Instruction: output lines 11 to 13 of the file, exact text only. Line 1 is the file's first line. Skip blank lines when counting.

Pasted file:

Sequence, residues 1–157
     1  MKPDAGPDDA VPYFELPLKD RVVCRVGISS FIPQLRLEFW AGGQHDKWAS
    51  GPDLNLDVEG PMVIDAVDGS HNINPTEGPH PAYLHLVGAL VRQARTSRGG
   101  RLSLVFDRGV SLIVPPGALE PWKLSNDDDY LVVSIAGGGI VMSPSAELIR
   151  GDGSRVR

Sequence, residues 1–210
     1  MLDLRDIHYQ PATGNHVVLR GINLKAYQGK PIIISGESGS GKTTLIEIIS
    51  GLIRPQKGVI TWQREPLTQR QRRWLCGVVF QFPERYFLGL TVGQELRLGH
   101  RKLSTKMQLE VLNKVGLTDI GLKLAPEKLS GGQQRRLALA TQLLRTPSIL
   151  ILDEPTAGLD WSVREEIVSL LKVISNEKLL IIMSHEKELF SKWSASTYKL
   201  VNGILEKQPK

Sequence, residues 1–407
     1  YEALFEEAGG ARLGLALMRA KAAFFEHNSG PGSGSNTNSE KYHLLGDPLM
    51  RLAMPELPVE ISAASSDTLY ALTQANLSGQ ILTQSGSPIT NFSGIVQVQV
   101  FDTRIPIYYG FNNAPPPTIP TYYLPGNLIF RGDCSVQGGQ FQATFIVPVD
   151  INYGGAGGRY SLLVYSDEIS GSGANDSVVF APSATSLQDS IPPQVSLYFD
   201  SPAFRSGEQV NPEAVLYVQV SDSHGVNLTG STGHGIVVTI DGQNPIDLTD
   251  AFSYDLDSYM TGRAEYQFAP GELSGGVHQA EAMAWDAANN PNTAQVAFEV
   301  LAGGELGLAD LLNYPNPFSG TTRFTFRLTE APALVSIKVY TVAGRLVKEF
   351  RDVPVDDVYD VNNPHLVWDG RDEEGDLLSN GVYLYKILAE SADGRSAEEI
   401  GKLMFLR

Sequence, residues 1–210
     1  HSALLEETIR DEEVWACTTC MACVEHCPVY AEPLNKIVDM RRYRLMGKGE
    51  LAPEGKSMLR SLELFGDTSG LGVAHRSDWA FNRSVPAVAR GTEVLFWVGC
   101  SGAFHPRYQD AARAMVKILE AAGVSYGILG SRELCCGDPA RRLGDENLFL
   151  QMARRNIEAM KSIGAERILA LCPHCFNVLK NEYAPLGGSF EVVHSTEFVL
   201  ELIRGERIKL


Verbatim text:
   201  VNGILEKQPK

Sequence, residues 1–407
     1  YEALFEEAGG ARLGLALMRA KAAFFEHNSG PGSGSNTNSE KYHLLGDPLM